Between 1.2 billion and 2 billion tons of the 4 billion tons of food produced around the world every year never gets eaten, according to a new survey by a group of British engineers.
That means that up to half of all food produced for human consumption is thrown away.
It’s obvious that this waste has environmental consequences, because energy is being used but not really producing anything. But according to the McKinsey Global Institute, this energy is adding up. Its 2012 study, entitled Resource Revolution: Meeting the World’s Energy, Materials, Food, and Water Needs named food waste as its #3 area of opportunity for reducing energy usage, calculating that in 2010 dollars there is $252 billion from cost-effective reductions in food waste. And this is all in production: the figure does not include waste from consumers. But as McKinsey notes, whereas
the energy efficiency of buildings, the largest opportunity identified in this analysis, attracts many column inches, while other areas such as food waste and improving the yields on large-scale farms receive little attention compared with their potential impact.
If anything, the McKinsey study underestimates the gains from reducing food waste, because it ignores the problem of food waste going into landfills, where it produces methane, a greenhouse gas with eight times the potency of carbon dioxide.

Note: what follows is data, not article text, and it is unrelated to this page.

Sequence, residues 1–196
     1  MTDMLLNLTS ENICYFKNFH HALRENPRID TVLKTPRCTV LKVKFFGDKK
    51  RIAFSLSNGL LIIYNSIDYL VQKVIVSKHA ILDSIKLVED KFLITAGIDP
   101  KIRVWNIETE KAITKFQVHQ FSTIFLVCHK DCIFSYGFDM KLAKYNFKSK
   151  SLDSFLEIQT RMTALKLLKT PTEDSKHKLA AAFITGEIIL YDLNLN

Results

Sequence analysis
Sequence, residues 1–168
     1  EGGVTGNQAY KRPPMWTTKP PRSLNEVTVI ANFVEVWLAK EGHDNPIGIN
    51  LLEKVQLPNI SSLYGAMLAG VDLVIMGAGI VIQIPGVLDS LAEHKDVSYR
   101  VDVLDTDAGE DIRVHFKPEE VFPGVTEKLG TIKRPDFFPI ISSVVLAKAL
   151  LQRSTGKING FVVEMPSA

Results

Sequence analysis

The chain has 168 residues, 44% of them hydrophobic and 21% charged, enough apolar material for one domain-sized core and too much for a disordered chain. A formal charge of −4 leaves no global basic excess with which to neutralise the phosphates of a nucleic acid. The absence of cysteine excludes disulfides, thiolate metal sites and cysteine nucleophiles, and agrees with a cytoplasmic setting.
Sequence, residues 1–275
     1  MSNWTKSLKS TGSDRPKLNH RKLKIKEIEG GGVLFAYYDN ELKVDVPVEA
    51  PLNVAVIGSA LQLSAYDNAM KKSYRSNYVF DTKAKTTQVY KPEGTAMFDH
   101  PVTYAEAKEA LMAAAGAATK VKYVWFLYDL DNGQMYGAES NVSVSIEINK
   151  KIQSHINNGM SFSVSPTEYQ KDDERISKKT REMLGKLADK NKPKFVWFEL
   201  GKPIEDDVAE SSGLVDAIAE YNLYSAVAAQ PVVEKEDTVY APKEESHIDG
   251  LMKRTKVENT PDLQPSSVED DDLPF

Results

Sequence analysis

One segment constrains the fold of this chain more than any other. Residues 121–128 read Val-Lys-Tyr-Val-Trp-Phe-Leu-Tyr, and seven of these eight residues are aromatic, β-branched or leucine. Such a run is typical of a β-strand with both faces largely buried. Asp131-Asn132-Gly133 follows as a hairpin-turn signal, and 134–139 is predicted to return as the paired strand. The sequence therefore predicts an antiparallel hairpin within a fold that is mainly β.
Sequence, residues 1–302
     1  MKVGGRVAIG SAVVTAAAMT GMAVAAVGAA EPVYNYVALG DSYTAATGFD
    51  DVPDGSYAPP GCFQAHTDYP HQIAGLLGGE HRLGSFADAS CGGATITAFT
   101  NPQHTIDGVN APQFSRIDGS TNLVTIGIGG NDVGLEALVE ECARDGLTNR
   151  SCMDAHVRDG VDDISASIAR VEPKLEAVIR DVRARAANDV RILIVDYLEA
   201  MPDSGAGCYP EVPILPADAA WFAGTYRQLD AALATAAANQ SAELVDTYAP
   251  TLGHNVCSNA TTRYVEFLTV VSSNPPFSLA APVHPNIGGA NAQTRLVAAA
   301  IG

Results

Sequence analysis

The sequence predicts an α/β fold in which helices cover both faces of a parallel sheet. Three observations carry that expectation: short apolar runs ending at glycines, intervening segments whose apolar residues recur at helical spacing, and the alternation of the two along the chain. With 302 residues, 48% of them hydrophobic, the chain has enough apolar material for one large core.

All of this gives the notion of “low hanging fruit” a new and, well, literal meaning. And it is why I am so glad that UCLA School of Law is soon to open a new Program for Food Law and Policy: it’s a critical area in its own right, but has crucial connections with environmental law and policy.
But it isn’t clear how to capture these gains. McKinsey points out — no doubt as a prelude to a pitch to private sector clients — that most businesses don’t even know how much they are wasting. This is one area where governmental regulation might be able to give businesses an incentive to do things that would make sense for their bottom line over the long term, but which they do not do because it is capital intensive in the short term, and requires system-level changes that no one private sector firm can achieve. Resource Revolution says that public sector involvement could be crucial in waste-saving infrastructure and in pooling small firms to invest in capital intensive storage facilities. More straightforward regulation might be necessary in the developed world, where, says McKinsey, “the vast majority of waste occurs in processing, packaging, and distribution.”
Markets don’t seem to be able to do it. Governments seem uninterested. And the public hasn’t awoken yet. That’s a tragedy. Literally.